This is actually a really excellent set of musical bliss however the sound quality is crap. This is one for the hardcore musical sleuths who love to know the roots of their demented musical tastes. Well worth the experience checking out even if this won't go down as the world's most essential release any time soon. Denis would of course go on to found Univers Zero while Manderlier was invited to join Magma after crossing paths with Christian Vander. The band in its short duration also featured Vincent Kenis, later of Ask Maboul and Claude Deron who formed Necronomicon in 1974 which evolved into the world of Univers Zero. This band was more like a progressive rock hatchery than a bona fide classic act itself but judging from the musical performances on this set of nine live tracks, this band was more than ready for primetime and had these guys resided in the English countryside may very well have been considered some of the top talents of the era next to the likes of their influences.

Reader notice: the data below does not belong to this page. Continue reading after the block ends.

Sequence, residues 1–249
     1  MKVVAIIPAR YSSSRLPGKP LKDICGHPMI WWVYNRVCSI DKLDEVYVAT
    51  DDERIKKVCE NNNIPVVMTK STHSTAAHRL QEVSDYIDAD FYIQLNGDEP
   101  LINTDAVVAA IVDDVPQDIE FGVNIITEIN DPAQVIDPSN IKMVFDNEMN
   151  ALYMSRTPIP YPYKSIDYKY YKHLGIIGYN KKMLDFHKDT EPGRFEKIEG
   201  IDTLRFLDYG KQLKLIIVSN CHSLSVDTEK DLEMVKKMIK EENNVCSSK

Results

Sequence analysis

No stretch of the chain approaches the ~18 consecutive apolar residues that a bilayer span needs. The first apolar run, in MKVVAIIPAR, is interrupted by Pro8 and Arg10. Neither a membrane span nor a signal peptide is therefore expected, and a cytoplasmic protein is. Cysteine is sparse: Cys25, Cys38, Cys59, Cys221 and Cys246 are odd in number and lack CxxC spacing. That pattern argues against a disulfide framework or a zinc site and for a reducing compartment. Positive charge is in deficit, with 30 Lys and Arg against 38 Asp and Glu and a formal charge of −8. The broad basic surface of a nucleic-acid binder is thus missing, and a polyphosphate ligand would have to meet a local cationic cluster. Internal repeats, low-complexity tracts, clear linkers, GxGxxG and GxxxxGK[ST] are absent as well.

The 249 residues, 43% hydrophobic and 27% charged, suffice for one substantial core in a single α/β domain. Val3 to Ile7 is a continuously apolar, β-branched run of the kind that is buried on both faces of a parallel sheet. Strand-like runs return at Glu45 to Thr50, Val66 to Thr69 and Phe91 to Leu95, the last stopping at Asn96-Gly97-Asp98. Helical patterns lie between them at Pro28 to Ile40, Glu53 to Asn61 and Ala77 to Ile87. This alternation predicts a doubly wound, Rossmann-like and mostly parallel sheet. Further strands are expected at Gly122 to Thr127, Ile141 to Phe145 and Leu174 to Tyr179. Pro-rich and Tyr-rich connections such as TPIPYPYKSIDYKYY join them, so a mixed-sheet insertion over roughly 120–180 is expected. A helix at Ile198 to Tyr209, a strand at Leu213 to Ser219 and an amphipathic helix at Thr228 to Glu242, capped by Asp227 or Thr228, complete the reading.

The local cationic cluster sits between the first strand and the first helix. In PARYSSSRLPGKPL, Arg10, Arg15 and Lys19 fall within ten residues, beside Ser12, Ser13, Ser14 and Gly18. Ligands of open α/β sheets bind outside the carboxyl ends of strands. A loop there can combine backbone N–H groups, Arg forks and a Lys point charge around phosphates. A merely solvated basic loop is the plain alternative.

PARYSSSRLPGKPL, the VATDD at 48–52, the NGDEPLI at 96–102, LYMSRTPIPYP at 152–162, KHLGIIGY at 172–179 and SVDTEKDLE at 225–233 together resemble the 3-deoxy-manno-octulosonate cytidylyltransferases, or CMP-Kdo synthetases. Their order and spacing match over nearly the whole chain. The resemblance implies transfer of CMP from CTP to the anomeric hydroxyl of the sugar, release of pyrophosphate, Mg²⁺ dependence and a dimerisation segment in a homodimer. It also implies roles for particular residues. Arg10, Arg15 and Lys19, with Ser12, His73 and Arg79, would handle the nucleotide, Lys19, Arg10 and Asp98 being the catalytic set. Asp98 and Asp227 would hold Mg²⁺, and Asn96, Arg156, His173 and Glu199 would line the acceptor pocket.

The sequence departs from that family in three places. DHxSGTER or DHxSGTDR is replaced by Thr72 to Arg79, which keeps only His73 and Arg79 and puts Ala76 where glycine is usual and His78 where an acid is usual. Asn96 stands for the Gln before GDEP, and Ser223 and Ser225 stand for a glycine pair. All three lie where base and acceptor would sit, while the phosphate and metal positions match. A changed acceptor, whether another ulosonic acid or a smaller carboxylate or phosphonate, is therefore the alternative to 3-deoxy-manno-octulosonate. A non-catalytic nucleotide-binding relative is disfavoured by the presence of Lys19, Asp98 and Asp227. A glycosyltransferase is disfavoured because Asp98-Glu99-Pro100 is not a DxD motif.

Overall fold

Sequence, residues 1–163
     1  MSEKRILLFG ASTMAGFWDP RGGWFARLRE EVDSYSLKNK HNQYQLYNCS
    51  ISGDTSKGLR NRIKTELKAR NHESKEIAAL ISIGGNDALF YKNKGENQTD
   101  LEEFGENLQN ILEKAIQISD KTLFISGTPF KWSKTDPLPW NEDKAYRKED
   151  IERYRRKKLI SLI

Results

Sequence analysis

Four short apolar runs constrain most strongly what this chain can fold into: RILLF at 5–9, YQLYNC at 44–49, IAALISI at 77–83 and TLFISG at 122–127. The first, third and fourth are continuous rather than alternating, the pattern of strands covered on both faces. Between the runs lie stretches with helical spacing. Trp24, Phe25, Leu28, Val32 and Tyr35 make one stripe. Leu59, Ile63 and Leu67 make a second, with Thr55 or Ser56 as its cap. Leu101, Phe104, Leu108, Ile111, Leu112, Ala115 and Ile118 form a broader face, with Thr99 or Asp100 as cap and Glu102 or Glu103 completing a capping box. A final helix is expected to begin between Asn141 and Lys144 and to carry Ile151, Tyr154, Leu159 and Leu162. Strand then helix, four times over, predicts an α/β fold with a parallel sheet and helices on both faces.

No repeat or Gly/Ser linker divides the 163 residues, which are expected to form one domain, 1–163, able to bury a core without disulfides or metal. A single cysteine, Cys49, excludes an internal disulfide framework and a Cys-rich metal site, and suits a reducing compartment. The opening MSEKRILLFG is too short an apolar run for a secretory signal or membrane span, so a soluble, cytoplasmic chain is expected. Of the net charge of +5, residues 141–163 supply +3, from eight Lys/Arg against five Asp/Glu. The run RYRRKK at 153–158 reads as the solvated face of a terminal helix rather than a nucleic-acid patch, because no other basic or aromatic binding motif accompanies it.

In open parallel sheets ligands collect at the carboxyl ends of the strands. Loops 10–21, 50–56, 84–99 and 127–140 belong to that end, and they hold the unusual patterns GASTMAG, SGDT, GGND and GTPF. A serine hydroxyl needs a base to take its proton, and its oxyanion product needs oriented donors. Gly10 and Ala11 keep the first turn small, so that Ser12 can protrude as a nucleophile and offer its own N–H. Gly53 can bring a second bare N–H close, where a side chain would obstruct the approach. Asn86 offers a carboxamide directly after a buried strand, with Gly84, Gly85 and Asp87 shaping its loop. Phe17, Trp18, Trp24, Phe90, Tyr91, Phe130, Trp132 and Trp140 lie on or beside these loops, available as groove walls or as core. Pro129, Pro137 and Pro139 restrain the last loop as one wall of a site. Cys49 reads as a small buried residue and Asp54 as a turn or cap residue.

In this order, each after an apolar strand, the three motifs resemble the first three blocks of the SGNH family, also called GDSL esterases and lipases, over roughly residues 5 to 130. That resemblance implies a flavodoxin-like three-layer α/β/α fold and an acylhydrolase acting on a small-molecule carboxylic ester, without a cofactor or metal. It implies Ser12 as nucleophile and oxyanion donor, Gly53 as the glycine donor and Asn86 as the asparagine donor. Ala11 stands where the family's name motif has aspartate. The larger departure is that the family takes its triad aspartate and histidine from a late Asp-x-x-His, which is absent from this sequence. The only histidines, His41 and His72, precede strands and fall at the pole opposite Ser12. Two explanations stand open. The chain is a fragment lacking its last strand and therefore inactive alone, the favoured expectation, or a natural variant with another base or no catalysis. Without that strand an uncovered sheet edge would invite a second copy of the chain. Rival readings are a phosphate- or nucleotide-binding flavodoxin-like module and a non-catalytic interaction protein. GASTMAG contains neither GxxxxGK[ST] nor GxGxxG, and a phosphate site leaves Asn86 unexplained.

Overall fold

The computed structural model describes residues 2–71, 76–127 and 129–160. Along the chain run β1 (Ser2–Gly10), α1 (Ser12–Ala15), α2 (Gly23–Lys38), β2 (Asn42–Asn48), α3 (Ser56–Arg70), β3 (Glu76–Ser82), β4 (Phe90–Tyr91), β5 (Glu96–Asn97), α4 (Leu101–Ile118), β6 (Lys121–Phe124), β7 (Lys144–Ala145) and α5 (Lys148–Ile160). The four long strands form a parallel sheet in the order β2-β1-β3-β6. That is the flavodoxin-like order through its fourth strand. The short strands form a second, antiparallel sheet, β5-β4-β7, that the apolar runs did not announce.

3.5 but rounded down. The sound quality is just too poor to round up.

Latest members reviews

3 stars If you're addicted to Egg or Soft Machine like I once was, I would suggest you track down this album. The sound quality isn't great, but there is some very beautiful Canterbury-esque music on here. Arkham is HEAVILY influenced by the Softs. The keyboard player even has a Mike Ratledge persona! Th ... (read more)

Report this review (#293158) | Posted by Tengent | Monday, August 2, 2010 | Review Permanlink